First Nations Engagement and the BC Elders Gathering

July 15, 2015

“Honouring our ancestors through our elders & recognizing our future through our youth.”[1]

For companies that want to work on traditional or treaty lands, building a respectful, effective First Nations community engagement strategy is key. A good first step is to find out what is important to the community you want to work with – fund raising for youth initiatives, community infrastructure or community events are a few common initiatives in First Nation communities.

Sponsoring and attending annual events shows a long term commitment to the community. The annual BC Elders’ Gathering is a strategic event to sponsor and attend because Elders can have a powerful voice in community decision making process. Their one concern is the future of their people, their language, traditions and land. As Brad Boyes, Director, Annual BC Elders Gathering Society, says “The Elders are who government and corporations should be meeting with. There’s no volatility there, they only care about the future of the people. These are the true decision makers in the province of British Columbia.” [2]

The BC Elders’ Gathering is a volunteer run event completely devoted to honouring First Nation Elders. The Gatherings provide a rare opportunity for people of a similar age to meet and mingle, share ideas, socialize, enjoy some pampering, learn new crafts, enjoy each other’s traditional languages, dances and songs, as well as dancing and sightseeing. It’s all about showing respect, appreciation and ensuring the senior members of the community have a wonderful experience. It's not a political event, but that doesn't mean politics are not discussed. 

Elders_Gathering-845263-edited

Another purpose of the Gatherings is to “to educate and provide guidance, support and mentoring for aboriginal youth through interactions with elders and other members of their community.” [3] Youth have a strong presence at the Gathering, as Elder attendants, in workshops with Elders, as dancers and singers, and volunteers.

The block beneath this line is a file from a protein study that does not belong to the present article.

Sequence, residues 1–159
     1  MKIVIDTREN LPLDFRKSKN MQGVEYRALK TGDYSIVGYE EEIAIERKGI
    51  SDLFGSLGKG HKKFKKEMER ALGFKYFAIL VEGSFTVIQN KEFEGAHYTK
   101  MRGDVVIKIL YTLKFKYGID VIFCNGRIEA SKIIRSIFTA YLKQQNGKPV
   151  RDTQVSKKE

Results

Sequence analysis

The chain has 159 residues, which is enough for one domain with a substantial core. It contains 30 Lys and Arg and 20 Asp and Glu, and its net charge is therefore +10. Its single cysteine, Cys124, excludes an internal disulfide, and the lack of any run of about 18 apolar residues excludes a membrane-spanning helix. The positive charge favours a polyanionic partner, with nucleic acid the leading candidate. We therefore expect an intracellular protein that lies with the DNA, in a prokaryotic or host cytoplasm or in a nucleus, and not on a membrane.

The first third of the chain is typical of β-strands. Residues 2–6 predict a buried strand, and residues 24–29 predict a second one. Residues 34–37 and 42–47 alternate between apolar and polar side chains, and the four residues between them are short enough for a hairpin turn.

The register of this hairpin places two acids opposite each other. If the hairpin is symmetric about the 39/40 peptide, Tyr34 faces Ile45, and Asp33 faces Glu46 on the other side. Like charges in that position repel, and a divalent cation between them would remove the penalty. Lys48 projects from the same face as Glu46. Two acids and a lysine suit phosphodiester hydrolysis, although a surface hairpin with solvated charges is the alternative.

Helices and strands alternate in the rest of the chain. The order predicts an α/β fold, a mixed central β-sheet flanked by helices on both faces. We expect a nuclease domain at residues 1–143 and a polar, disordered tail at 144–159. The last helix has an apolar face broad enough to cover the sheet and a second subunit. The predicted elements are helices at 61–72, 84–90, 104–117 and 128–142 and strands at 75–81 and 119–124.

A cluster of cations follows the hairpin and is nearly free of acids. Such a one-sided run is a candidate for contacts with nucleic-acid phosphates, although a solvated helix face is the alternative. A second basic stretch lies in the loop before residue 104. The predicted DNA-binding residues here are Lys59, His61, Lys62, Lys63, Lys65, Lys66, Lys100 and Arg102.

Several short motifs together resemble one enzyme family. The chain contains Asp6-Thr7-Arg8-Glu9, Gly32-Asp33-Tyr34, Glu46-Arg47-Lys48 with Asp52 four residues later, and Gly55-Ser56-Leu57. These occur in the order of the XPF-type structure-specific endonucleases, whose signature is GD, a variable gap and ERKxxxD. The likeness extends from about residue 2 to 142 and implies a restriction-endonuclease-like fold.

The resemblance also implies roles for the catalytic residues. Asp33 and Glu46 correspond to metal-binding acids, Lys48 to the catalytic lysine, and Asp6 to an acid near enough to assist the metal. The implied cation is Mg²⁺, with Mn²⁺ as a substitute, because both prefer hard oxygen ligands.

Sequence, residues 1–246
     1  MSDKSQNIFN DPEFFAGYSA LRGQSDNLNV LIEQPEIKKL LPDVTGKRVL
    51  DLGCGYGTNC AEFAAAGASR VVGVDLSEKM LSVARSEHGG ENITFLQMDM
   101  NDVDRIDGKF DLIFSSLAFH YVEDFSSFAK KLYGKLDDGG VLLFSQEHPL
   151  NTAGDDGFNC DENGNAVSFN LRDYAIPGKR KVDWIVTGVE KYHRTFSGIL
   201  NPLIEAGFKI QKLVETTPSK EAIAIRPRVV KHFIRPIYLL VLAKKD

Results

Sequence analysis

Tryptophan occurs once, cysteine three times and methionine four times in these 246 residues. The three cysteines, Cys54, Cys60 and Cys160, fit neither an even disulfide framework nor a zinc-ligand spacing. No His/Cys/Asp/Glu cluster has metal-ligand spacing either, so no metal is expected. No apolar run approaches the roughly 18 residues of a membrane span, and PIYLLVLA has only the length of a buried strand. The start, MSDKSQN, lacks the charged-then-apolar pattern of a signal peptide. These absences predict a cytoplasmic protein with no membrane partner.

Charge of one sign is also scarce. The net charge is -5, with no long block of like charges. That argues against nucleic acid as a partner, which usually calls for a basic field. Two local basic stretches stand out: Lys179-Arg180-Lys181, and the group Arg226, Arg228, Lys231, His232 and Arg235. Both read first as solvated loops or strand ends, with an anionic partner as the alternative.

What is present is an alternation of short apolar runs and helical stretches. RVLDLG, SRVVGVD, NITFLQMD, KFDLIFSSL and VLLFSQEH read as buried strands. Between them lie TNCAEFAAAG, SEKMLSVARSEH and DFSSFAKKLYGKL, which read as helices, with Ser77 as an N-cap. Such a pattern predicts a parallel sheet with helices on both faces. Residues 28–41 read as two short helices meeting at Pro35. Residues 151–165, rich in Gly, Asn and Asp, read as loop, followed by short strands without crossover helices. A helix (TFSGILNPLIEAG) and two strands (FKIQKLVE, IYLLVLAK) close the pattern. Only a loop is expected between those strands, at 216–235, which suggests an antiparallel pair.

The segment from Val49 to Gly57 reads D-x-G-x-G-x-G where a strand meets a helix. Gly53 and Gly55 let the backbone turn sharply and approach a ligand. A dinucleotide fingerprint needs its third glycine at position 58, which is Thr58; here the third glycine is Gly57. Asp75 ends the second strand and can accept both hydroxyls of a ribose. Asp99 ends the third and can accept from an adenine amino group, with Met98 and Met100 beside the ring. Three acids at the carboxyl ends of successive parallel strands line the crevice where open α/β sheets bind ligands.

The first BC Elders Gathering was hosted by the Coqualeeza Elders 38 years ago and has been held in a different location every year since then. The dates and locations of each Gathering are recorded on the base of a totem pole carved by Frances Harne. The Nations interested in hosting the next Gathering “bid for the Totem Pole” and the winner is announced during the Gathering. The 39th annual Elders’ Gathering, hosted by the Tsawout Nation on lower Vancouver Island, attracted 2500 Elders from 60 Nations and their family/care givers for a total of about 4000.

The event also drew about 400 volunteers from First Nation communities, youth groups, local churches and individuals who wanted to participate and show their support for the First Nation tradition of respecting one’s Elders, and contribute to the Elders’ overall enjoyment of the event. The Gathering provides an opportunity for non-Aboriginal people to build bridges of understanding and awareness of this aspect of First Nation culture. How many other cultures honour their Elders?

Len-Fallen-Elders-Gathering

Next year the 40th annual event will be in Williams Lake. Please consider sponsoring and rolling up your sleeves and participating as a volunteer. Some of the sponsors for the 2015 event include: Ministry of Aboriginal Relations and Reconciliation, Black Press, RBC, Telus, BC Hydro, FortisBC, MABC, Canfor, Kinder Morgan Canada to name a few.

[1] 39th Elders’ Gathering

[2] CHEK News

[3] Elders’ Gathering Society

Photos courtesy of Len Fallan.

 

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Topics: First Nations

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